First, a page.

Talk about stubborn. Larry Cotton, a retired engineer Each hand-soldered circuit drove relays and
from New Bern, N.C., didn’t want PC hardware higher-current solenoids (former cassette player
anywhere near his elegant marimba, even though mechanisms bought surplus).
it would have made things a lot easier. Most makers Cotton makes custom rolls himself by playing
connect instruments to a computer via MIDI or songs on his piano and capturing the audio on
some other common interface. Cotton had to rig his workshop PC. By running it through Cakewalk
up a low-tech optical reader inside the marimba 6.0 software, Cotton is able to reformat the MIDI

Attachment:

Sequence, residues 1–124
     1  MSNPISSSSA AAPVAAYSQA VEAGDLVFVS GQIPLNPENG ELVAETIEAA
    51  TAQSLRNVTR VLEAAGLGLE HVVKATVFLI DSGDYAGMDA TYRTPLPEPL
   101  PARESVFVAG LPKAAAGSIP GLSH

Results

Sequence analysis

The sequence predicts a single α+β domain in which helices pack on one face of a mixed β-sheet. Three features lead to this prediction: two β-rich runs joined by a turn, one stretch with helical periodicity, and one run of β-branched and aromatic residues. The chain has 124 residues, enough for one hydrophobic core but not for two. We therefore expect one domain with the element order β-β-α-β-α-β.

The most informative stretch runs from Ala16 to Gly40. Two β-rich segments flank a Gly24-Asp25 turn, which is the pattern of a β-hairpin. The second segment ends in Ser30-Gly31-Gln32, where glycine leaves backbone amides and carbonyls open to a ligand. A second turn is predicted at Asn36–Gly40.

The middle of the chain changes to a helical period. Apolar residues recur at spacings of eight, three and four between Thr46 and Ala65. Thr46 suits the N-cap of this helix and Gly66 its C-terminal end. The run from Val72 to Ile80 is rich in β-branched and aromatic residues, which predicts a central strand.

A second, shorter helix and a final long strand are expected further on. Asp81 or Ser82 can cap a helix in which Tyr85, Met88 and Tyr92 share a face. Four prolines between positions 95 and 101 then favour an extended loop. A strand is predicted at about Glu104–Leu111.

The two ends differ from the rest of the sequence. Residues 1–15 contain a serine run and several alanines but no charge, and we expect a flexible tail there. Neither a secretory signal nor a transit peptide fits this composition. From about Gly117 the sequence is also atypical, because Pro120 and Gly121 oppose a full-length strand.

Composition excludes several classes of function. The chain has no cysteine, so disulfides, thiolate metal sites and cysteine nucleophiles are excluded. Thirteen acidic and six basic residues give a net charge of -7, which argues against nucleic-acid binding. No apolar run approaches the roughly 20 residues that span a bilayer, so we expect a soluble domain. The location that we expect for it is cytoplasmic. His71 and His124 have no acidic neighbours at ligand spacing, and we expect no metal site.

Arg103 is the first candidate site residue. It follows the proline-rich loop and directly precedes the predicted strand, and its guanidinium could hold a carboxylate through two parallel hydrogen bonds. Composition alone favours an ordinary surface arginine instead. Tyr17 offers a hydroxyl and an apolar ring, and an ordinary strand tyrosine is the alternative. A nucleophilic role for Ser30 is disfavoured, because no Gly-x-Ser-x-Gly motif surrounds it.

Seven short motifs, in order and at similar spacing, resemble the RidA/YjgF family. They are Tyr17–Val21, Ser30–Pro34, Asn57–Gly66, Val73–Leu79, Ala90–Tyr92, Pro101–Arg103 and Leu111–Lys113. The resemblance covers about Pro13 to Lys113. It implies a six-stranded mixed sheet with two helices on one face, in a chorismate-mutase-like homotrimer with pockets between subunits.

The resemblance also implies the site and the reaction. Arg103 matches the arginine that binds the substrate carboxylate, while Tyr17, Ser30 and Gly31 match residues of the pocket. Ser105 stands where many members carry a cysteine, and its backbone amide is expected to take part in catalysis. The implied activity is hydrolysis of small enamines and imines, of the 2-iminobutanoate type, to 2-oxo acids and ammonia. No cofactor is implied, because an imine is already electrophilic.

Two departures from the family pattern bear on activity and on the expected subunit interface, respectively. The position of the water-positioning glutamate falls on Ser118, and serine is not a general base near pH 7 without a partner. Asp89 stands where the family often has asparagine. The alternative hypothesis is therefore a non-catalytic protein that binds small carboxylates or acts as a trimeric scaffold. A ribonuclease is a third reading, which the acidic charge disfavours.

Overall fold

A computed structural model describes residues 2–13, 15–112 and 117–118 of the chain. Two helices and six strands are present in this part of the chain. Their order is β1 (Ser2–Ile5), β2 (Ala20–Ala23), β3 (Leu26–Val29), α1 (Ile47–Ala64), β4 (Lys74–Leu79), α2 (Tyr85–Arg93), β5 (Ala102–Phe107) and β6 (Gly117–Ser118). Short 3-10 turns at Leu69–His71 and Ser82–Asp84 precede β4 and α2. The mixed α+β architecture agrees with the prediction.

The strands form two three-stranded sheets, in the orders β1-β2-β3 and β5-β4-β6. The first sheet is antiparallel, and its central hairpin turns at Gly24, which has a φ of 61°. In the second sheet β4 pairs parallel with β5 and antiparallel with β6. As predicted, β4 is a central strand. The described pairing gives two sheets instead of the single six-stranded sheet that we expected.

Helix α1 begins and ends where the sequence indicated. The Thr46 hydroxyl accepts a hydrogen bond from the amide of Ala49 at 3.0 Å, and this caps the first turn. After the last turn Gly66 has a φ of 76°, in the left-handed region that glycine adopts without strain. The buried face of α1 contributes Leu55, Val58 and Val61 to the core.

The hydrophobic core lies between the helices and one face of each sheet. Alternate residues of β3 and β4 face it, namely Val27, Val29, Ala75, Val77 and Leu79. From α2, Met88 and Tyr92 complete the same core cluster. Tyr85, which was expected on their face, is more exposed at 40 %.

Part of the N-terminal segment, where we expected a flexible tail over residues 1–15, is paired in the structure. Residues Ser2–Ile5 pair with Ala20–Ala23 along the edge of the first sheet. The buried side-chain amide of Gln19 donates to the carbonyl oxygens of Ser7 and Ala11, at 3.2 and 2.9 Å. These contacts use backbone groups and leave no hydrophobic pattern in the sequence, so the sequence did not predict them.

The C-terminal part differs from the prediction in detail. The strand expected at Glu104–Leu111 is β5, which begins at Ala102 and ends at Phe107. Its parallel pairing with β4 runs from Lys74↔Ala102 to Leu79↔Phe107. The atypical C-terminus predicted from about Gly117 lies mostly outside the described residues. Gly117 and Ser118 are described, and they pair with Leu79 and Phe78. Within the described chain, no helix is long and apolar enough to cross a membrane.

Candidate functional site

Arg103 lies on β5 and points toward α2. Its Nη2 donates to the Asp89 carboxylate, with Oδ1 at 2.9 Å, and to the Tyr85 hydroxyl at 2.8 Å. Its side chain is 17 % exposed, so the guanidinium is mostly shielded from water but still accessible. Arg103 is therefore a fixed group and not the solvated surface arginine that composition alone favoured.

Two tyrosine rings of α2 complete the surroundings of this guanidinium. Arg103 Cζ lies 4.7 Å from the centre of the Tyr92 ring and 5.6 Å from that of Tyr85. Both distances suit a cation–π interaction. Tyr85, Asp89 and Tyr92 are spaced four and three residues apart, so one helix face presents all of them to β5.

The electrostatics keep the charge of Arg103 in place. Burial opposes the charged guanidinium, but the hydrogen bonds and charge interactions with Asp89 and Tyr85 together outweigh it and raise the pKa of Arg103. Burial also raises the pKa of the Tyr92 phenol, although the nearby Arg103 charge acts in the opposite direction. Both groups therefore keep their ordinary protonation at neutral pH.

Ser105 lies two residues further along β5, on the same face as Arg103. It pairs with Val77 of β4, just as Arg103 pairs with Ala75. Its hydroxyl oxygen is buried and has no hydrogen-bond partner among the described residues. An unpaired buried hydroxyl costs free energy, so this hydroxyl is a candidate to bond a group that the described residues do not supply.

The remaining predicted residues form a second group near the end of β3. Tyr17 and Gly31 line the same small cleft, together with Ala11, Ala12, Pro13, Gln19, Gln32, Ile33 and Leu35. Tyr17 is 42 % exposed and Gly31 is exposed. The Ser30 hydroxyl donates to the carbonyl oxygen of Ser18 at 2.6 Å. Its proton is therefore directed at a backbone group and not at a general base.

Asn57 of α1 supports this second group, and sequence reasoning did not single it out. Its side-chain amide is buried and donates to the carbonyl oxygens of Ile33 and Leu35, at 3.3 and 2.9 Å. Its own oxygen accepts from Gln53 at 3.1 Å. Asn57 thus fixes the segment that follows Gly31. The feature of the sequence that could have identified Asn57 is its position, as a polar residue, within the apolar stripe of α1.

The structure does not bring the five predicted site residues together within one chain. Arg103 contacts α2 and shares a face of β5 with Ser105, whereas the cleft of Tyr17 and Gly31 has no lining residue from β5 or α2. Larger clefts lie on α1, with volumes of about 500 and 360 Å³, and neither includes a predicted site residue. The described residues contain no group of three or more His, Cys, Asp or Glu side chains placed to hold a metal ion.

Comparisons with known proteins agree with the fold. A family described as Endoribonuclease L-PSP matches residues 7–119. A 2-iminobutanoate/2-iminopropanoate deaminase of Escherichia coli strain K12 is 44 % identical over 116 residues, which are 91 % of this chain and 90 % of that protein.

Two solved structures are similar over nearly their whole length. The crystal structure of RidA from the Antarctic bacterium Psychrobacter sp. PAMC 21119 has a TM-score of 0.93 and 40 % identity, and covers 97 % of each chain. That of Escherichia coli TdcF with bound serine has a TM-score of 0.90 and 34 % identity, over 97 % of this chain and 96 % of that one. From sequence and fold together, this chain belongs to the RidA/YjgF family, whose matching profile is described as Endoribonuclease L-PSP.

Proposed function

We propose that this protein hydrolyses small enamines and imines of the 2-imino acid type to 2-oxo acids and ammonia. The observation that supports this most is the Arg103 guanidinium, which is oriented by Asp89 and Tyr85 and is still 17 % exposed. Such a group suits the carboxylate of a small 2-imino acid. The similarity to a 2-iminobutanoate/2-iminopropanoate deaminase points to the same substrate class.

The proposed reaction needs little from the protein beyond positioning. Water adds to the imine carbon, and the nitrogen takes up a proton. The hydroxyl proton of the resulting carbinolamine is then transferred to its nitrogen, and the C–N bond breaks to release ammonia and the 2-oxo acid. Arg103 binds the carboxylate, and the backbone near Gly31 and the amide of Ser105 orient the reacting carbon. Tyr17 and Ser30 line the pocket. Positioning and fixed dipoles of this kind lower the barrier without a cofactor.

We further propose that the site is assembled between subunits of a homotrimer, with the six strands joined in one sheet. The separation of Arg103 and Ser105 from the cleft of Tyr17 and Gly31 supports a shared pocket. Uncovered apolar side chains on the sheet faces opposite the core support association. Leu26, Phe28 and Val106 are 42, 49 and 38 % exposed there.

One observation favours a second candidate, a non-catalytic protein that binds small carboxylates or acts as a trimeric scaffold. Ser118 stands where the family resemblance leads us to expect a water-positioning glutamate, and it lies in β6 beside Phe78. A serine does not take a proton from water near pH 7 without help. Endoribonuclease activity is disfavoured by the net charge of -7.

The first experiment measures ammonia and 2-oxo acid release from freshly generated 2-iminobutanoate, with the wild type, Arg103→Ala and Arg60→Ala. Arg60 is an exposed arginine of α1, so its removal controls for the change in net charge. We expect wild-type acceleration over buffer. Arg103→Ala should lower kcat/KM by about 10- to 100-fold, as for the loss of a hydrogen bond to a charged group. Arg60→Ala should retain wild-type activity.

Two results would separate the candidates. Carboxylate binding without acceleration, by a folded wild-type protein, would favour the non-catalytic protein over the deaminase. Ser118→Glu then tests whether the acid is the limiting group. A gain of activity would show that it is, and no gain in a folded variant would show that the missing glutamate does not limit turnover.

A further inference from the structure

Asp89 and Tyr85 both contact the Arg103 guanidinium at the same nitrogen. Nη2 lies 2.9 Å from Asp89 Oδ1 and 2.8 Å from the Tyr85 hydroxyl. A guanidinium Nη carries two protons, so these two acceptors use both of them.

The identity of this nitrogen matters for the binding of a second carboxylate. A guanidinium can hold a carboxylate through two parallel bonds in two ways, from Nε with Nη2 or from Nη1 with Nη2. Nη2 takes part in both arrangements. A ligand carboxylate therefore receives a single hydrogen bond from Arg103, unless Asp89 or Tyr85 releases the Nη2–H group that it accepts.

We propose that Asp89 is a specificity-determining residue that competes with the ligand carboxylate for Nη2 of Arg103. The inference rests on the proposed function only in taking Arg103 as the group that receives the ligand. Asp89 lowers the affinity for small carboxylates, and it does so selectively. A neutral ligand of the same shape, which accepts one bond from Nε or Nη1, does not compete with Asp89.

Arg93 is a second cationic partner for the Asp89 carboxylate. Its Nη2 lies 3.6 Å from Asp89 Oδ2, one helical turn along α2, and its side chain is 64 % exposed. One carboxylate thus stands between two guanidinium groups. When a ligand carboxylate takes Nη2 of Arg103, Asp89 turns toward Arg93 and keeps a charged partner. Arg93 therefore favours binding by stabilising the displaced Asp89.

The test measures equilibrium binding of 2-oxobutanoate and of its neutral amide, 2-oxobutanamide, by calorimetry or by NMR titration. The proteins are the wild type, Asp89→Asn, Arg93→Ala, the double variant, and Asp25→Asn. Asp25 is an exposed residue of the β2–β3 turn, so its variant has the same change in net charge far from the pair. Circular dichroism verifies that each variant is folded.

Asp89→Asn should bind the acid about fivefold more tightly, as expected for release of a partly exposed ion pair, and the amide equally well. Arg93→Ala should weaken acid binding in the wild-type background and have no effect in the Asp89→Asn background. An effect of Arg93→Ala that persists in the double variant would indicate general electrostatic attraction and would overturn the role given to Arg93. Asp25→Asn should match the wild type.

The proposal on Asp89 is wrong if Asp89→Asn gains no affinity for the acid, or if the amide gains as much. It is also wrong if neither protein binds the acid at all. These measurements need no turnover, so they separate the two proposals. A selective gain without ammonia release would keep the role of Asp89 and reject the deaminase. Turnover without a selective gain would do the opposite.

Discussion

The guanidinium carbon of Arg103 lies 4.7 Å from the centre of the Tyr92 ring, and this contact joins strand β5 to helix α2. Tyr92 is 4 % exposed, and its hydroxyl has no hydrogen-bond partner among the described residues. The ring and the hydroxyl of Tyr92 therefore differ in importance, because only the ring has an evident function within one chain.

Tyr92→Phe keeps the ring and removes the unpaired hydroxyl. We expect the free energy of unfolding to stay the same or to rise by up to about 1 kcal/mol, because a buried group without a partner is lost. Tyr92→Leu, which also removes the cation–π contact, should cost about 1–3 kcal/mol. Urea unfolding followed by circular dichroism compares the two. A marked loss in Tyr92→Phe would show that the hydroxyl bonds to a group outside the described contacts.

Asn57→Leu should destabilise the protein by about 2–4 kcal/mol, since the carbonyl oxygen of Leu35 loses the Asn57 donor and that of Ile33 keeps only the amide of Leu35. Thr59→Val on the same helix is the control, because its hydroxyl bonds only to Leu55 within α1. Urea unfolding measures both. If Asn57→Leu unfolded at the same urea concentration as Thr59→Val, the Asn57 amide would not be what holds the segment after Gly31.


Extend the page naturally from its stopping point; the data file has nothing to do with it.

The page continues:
to play custom piano rolls. “I was just kind of doing computer dots to play in his machine.
my own thing, committed to using nothing that The oddly shaped marimba pounds out a mean
existed already,” says Cotton. version of Flight of the Bumble Bee, along with the
He started with photodiodes and 300-pound old Carmen Miranda tune “Tico Tico” and other
fishing line. He shined spotlights through the thick songs. But like nearly all player instruments, you
monofilament, creating a cheap fiber optic system. can tell the difference. Asked if there are times
He lined up 40 spots across 4 inches of makeshift you can almost close your eyes and hear a human
roll, each one accounting for one of the 37 hand- player, Cotton laughs. “Oh, yeah,” he says. “A pretty
made oak bars around the circular instrument. bad one.”
An inkjet printer furnished black dots on the trans- —Bob Parks
parency, and when the dots blocked light, a voltage
change from the photodiodes registered to Schmitt
triggers and 555 timers.